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Tip: To sort articles by year…

PEP-Web Tip of the Day

After you perform a search, you can sort the articles by Year. This will rearrange the results of your search chronologically, displaying the earliest published articles first. This feature is useful to trace the development of a specific psychoanalytic concept through time.

For the complete list of tips, see PEP-Web Tips on the PEP-Web support page.

J., E. (1920). Psychoanalysis: Its History, Theory, and Practice: By André Tridon, (Kegan Paul, Trench, Trubner & Co. Ltd., London. Pp. 258. Price 10s. 6d.).. Int. J. Psycho-Anal., 1:476-477.

(1920). International Journal of Psycho-Analysis, 1:476-477

Psychoanalysis: Its History, Theory, and Practice: By André Tridon, (Kegan Paul, Trench, Trubner & Co. Ltd., London. Pp. 258. Price 10s. 6d.).

Review by:
E. J.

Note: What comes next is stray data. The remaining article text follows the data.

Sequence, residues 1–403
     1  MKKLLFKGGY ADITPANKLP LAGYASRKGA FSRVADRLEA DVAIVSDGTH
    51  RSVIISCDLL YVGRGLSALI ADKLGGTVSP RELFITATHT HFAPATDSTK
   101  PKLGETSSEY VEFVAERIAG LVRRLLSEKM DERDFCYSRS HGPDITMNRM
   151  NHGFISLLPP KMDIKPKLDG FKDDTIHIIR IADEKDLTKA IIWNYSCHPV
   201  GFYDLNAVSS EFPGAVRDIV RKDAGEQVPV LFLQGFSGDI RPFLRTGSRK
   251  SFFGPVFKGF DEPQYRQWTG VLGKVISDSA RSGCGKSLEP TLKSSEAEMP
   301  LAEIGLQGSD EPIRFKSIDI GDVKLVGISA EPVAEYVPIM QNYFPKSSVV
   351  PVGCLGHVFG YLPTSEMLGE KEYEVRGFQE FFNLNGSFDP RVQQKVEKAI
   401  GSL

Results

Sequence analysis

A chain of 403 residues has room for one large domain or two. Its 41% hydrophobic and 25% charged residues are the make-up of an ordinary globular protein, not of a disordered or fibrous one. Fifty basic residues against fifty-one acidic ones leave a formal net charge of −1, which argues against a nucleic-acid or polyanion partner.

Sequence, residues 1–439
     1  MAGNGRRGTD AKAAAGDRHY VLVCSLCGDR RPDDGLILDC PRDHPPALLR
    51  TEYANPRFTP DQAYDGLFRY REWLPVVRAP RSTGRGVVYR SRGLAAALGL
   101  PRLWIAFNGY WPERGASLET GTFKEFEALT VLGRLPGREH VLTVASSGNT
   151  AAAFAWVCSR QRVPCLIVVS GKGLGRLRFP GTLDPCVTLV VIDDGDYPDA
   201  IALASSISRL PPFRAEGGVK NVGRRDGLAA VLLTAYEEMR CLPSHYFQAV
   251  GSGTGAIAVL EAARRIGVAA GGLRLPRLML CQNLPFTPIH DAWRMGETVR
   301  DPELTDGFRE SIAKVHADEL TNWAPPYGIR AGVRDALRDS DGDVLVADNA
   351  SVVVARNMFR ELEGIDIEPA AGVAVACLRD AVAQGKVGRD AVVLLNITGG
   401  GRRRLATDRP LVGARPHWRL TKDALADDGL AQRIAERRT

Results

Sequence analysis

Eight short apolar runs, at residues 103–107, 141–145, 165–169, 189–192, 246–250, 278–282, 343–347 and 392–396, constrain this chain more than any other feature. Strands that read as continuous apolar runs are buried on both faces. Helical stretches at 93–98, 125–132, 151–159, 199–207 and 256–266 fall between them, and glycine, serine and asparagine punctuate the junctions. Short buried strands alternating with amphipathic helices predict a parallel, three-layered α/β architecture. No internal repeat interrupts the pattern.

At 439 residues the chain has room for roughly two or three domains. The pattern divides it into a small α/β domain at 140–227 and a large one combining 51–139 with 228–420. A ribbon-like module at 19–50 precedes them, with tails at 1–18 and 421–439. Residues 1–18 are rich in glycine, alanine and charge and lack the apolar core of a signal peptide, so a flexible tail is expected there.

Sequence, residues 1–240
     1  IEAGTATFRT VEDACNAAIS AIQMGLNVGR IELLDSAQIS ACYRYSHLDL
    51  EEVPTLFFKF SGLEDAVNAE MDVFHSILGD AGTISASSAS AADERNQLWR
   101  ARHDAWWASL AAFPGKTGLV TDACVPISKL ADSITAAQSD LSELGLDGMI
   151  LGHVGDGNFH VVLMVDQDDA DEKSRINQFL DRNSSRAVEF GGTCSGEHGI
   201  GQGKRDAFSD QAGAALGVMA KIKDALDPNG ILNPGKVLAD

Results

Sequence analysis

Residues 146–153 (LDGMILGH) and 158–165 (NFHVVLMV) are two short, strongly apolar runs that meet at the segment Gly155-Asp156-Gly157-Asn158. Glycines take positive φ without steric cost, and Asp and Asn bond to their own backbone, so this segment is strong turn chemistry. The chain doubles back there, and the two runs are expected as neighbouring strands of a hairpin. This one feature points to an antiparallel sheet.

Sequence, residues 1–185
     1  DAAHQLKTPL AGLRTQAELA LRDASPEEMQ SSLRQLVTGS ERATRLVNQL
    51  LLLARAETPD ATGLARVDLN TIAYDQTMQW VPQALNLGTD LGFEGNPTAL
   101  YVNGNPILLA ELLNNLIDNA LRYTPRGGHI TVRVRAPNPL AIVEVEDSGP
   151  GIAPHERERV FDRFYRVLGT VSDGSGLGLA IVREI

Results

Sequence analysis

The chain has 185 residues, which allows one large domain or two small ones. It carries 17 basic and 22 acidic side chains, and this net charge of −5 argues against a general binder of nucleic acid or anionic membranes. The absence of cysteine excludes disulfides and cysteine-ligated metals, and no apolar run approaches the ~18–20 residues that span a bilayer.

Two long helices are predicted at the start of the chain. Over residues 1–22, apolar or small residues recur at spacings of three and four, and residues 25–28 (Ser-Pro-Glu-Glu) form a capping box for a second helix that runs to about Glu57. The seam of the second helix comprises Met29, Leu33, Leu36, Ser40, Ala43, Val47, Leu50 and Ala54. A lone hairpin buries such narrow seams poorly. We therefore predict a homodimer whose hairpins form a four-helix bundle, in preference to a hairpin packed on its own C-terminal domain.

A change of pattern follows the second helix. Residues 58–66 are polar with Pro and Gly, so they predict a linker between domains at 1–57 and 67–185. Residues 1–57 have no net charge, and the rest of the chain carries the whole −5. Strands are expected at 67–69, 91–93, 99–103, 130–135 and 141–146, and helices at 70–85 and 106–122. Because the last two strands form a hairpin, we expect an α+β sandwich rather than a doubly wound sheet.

The author begins with an historical account of the development of psycho-analysis, and we would suggest that the following corrections be inserted in the next edition of his book. Freud was not lecturing on psycho-analysis in 1895, nor did Sadger, Adler, and Stekel join him in that year, but some seven or eight years later; also the Swiss interest in his work dates from 1903, not 1900. It is not true that "many members of the Swiss school (by which the author means the followers of Jung) were clergymen": only two clergymen in Switzerland have displayed a serious interest in psycho-analysis; that of Pfarrer Keller was only a fleeting one, while Pfarrer Pfister is an adherent of Freud, not of Jung. Nor is it true that "psycho-analysis found ready acceptance in Austria, Germany, and England", as those practising it know well, for even now they are in a minority of one to five million. The subject was not introduced into Holland by Jelgersma, whose interest in it dates from 1914, not 1904 as stated, but by van Emden, van Ophuijsen, and Stärcke, whose interest in it has not been "particularly on the theoretical side", for they are all experienced practitioners. The present reviewer would not feel justified, merely because he spent four years in Canada, to put forward the claim to be called an "American analyst"; and to name only White, Jelliffe, and Kempf as the leading analysts in the United States is doing an obvious injustice to Dr. Brill, who has done more than anyone else in that country to develop the knowledge of psycho-analysis.

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